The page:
"So what kind of car would you like to drive?"
"What's your favorite color?"
"Do you watch G4?"
"Ever have sushi?"
etc., etc., etc.)... or at least not until she found out about Lisa. But Corey has apparently played it straight. Anyway, Corey and Lisa are going to Homecoming together. I have been trying to give him as much dating advice as he'll tolerate.
Madelyn finally had her EEG to rule out any seizures. The neurologist agreed to schedule it around Mad's naptime so she could just sleep naturally and not be sedated. In fact, she suggested it before we could say, "Hey, we're all for checking her out, but we are not up for putting her to sleep. Thanks." One of the nice things was going back to the hospital where Mad was born. As with each of the times we've had to go there, the staff were fabulous. They were very patient with us as we tried to get Mad to sleep.
Our usual naptime routine is this:
Ask Mad, "Do you want to go upstairs and have a nip-nappy-snip-snappy?"
"No!" (You have to imagine this being said gleefully as she runs over to the stairs... she means "Heck yeah, I want a nap!")
Go up the stairs with Mad in my arms, but in a position that allows her to use the hand rail. Do a little looby loo. Check her diaper. Read a story (unless we've waited too long). Get Dog. Get Frog. Let Mad turn on her music and shut the door. Kiss everybody and put them all in the crib. Mad might sit there for a second to get an extra smooch. Then she folds the animals in her lap and flops over on them. She stays pretty much in that position with her butt high in the air for 2-3 hours.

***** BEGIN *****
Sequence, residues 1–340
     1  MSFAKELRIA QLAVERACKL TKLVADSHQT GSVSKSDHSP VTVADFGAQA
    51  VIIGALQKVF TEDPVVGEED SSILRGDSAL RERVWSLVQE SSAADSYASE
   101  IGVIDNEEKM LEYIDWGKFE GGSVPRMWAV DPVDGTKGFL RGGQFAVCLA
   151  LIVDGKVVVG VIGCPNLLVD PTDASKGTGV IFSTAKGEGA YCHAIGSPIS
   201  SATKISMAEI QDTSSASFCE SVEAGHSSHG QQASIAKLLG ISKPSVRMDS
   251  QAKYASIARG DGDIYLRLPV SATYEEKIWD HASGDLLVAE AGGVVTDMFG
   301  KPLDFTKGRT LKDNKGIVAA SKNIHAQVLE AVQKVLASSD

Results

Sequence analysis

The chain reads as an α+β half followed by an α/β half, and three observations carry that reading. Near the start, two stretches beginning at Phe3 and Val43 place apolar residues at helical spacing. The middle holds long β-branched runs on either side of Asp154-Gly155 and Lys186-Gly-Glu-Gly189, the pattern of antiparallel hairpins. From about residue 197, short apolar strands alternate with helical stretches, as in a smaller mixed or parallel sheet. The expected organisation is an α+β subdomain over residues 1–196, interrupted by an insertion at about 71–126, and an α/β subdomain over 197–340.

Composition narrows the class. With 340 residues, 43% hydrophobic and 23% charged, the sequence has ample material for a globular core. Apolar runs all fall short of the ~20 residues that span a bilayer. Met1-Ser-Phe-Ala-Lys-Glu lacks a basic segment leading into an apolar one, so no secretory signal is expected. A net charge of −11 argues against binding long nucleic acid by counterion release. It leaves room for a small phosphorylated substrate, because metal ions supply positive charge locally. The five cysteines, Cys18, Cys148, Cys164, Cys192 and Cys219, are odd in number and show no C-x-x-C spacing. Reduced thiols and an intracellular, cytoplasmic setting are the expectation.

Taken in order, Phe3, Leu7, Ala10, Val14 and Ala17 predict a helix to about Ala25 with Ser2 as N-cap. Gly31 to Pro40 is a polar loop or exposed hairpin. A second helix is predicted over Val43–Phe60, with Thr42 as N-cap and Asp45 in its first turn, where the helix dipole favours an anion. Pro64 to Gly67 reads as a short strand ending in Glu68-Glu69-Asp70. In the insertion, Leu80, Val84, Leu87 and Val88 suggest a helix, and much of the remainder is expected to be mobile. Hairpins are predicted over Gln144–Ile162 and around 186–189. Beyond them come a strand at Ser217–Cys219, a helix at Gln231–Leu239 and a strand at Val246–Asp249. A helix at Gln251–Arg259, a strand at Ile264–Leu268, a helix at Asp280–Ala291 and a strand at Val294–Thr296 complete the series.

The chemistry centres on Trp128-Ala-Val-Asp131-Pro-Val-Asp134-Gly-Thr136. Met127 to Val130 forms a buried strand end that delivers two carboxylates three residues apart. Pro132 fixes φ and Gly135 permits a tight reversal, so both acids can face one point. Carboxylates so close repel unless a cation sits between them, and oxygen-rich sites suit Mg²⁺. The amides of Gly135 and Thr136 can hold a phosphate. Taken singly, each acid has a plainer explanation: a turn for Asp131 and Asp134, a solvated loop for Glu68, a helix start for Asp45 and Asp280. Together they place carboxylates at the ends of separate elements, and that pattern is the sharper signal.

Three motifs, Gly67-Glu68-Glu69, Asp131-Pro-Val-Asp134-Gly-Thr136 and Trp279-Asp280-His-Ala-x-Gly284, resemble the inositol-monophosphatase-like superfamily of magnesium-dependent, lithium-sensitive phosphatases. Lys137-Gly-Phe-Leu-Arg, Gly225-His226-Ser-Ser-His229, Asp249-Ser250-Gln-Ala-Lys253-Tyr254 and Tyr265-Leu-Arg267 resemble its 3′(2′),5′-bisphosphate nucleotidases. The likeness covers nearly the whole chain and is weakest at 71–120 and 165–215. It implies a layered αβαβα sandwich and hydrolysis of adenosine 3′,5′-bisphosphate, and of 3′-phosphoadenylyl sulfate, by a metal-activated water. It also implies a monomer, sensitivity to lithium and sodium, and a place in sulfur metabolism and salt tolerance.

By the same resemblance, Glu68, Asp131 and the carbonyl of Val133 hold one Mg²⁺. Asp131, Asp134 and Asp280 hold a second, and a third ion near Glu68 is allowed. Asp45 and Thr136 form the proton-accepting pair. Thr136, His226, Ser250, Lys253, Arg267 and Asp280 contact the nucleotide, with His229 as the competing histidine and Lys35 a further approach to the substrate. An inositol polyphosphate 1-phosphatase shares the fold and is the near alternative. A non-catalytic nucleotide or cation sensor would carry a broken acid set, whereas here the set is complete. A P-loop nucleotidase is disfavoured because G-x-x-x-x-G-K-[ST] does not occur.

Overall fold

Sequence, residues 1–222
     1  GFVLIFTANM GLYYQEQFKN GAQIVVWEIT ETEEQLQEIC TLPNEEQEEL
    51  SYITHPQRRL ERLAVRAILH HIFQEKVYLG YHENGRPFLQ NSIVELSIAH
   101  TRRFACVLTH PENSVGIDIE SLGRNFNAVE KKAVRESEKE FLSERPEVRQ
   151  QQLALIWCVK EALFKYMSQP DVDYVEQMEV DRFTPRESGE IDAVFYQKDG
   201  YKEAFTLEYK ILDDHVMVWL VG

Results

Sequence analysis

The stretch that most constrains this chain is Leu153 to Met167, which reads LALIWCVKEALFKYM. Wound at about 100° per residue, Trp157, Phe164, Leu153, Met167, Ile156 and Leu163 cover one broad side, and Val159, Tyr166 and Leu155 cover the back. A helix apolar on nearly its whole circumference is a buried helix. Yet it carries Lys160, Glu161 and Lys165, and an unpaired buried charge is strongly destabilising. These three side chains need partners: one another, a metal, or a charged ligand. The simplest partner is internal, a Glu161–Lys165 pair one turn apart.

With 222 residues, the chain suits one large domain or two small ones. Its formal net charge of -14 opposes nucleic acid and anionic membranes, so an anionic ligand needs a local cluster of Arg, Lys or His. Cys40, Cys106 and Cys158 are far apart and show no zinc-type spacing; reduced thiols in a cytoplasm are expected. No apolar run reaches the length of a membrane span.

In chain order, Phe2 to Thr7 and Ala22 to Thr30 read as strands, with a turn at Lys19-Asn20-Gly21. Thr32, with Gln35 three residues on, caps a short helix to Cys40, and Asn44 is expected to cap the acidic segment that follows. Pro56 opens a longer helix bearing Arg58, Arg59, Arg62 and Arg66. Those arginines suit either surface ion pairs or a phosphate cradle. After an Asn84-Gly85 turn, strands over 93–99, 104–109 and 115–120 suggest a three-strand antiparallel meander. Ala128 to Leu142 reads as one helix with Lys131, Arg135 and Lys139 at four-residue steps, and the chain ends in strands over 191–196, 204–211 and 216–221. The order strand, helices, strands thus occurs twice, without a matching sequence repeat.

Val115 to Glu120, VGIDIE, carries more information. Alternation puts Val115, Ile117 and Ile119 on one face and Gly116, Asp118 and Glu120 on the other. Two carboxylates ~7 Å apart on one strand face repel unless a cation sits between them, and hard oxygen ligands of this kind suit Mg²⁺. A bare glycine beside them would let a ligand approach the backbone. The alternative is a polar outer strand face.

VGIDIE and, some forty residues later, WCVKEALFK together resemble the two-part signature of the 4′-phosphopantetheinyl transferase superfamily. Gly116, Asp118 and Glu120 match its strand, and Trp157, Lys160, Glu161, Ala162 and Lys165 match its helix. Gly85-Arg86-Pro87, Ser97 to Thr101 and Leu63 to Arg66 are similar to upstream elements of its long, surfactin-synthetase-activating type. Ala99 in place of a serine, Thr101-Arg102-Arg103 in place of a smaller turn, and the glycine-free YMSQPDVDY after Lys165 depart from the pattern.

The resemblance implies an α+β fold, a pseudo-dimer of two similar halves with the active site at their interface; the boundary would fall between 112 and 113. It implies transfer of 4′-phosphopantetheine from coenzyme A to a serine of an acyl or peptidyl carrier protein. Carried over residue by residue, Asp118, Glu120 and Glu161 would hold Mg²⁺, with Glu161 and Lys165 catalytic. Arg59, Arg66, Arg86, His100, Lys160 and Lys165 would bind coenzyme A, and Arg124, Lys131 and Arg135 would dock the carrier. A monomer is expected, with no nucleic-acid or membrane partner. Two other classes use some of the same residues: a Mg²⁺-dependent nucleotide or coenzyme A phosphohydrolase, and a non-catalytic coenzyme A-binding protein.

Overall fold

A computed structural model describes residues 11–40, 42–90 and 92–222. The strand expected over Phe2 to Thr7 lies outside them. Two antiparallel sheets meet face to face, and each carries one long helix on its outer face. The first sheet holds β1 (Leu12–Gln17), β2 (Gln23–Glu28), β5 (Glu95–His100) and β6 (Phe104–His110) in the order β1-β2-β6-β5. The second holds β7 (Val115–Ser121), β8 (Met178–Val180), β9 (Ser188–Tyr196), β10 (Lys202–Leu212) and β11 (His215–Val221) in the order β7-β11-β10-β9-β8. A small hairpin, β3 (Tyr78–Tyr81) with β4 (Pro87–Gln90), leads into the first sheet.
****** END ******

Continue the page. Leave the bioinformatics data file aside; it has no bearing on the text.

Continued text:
In the neurology lab, there was a hospital bed and a whole lot of computer equipment. Since Mad doesn't use a bottle, sippy cup or binky and she doesn't nurse, we had a small test of willpower to get her sleeping. I tried sitting in one of the office chairs and spinning slowly to one direction and then the other.
Screaming, fighting baby.
Want to go to Dada?
Yeah... NOO!!! This at least resulted in her face being buried in my shoulder. Every time she did that, her crying mellowed out. We probably attempted the hand-off (at her request, not because we're mean) half a dozen times. Eventually I was able to sit down and snuggle her. Too soon I tried to lay her down, but it only added a minute or two to our temporary pre-sleep ritual. She was pretty tired. We'd gotten her up about two hours earlier than normal. Getting her to sleep took about 15 minutes, but once Mad was out, she was out. The only problem came when, halfway through getting electrodes attached to her head with conductive paste, Mad decided it was time to go butt up. Everything got fixed and the testing went off without a hitch. If I had to go through it again, I would mention to her that it was naptime, and we would have brought her special sleeping music.
We get the results tomorrow. Not sure why the doc wants Mad there, too. I'm hoping it's just because the receptionist didn't know to mention that Mad's only 18 months old, it's not like she's going to understand the concepts of our conversation.